Based on this information, with a side note that RS-232 serial console can go significantly longer distances/higher speeds (e.g. if low-capacitance cable is used, and dependent on the line drivers), the benefit appears to be that USB can support 115,200bps over a 10ft USB cable versus only 56,000bps for a typical serial cable of the same length. That’s fabulous! Now let me ask you: on how many of your Cisco devices have you changed the console port from the default 9,600bps to 115,200bps? Go on, you can count them; I’ll wait. Oh, you’re done already because doing so involved counting on the fingers on one foot? Exactly. I can’t think of a single place I’ve worked in over the last 15 years where anybody bothered to change the default console speed.
Why Oh Why?
I find myself asking, therefore, why did manufacturers start putting USB console ports on their devices? Juniper placed a USB console port on some devices, e.g. the SRX550 (Step 1: install the Juniper USB Console driver), again defaulting to 9,600bps and in fact I believe unable to be changed from 9,600bps. Any USB benefits seem to be right out the window. So why would they do this?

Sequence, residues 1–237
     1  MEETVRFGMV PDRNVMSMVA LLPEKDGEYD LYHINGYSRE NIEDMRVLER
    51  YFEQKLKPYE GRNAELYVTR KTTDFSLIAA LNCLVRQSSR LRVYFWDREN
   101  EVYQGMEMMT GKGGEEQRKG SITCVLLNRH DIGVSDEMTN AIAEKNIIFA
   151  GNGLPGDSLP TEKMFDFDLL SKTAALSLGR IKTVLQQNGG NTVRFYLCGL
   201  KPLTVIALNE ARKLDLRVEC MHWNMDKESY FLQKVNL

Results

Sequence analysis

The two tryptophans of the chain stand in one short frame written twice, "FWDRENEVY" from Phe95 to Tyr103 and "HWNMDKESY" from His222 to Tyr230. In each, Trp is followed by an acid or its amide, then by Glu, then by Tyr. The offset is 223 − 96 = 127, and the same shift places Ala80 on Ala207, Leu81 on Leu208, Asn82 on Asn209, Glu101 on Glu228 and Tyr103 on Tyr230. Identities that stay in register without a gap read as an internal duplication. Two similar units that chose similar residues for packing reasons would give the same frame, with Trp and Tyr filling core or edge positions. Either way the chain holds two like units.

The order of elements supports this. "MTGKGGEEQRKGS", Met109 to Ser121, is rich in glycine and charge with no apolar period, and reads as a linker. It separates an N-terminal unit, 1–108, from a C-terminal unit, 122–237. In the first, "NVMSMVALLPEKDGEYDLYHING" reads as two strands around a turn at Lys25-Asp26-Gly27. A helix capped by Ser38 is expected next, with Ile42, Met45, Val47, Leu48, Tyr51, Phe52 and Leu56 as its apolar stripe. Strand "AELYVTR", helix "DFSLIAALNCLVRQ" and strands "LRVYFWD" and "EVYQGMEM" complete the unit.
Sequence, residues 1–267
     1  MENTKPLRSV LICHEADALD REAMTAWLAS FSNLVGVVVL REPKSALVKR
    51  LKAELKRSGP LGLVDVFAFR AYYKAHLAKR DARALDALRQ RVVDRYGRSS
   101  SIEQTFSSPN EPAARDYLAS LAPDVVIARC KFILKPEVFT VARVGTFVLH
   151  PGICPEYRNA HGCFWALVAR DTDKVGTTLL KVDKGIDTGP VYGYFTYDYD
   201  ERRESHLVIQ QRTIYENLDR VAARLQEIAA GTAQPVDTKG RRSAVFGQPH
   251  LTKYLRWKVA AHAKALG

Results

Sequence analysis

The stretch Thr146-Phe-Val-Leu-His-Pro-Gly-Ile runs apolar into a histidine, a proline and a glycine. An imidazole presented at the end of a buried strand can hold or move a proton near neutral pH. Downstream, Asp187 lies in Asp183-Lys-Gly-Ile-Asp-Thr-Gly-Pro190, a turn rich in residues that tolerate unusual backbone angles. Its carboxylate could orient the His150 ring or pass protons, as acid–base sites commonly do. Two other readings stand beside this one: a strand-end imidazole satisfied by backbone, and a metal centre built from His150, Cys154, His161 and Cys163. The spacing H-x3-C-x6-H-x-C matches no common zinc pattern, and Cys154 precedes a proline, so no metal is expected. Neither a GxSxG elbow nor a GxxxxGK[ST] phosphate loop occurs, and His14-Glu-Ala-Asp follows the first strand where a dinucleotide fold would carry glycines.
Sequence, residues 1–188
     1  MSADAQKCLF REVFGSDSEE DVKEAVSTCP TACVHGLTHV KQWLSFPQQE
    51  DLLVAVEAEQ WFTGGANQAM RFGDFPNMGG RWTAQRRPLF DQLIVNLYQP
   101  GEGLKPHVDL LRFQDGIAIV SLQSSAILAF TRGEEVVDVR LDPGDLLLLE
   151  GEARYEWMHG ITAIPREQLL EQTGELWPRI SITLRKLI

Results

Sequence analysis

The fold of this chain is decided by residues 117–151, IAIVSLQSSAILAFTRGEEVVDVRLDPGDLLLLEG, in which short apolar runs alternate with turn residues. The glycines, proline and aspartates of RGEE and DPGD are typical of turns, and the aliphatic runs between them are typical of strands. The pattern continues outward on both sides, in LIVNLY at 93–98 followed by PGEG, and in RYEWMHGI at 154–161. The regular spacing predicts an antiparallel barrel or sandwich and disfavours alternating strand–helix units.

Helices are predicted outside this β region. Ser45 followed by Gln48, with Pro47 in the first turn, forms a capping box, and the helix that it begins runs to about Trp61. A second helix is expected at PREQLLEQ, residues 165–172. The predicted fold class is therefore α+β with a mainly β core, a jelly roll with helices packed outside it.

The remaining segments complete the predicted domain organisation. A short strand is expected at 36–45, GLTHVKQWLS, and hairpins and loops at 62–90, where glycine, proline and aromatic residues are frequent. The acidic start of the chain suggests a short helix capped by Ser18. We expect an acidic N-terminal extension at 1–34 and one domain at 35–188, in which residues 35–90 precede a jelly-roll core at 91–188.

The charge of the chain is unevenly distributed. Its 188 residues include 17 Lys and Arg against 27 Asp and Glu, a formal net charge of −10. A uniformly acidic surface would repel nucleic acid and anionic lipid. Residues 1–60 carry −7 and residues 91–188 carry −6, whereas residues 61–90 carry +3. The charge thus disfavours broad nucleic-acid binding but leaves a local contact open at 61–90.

My theory is that with the slow but inevitable disappearance of serial ports on laptops, the logic was that since laptops all have USB ports, it would be smart to allow a direct connection over USB. So far so good, but since there doesn’t seem to be a single universally supported plug and play standard for USB serial adapters, we’ve ended up in this ridiculous situation where in order to connect to four different manufacturer’s equipment, it may require four different USB drivers to be installed. The alternative is to buy one USB serial adapter, install one driver, and connect it to all four devices. It just makes sense.
By way of gauging the popularity of USB consoles, I took the Opengear ACM7004-5 with me to a datacenter, and looked for devices of any kind that I could try connecting to. The results of my survey are presented in the table below:
|Number of Devices With A USB Console Port|
I found two mid-range Cisco devices with a USB console, and that’s it. None of the higher end Cisco and Juniper equipment bought over the last 4 years in this data center had a USB console port. Checking my low-end home equipment (e.g. Juniper Netscreen SSG5, Juniper Netscreen 100H, Juniper Netscreen 220, Ubiquiti EdgeRouter Pro, Juniper EX3200, Quanta LB4M, Cisco 3560cx), only the 3560cx had a USB console port.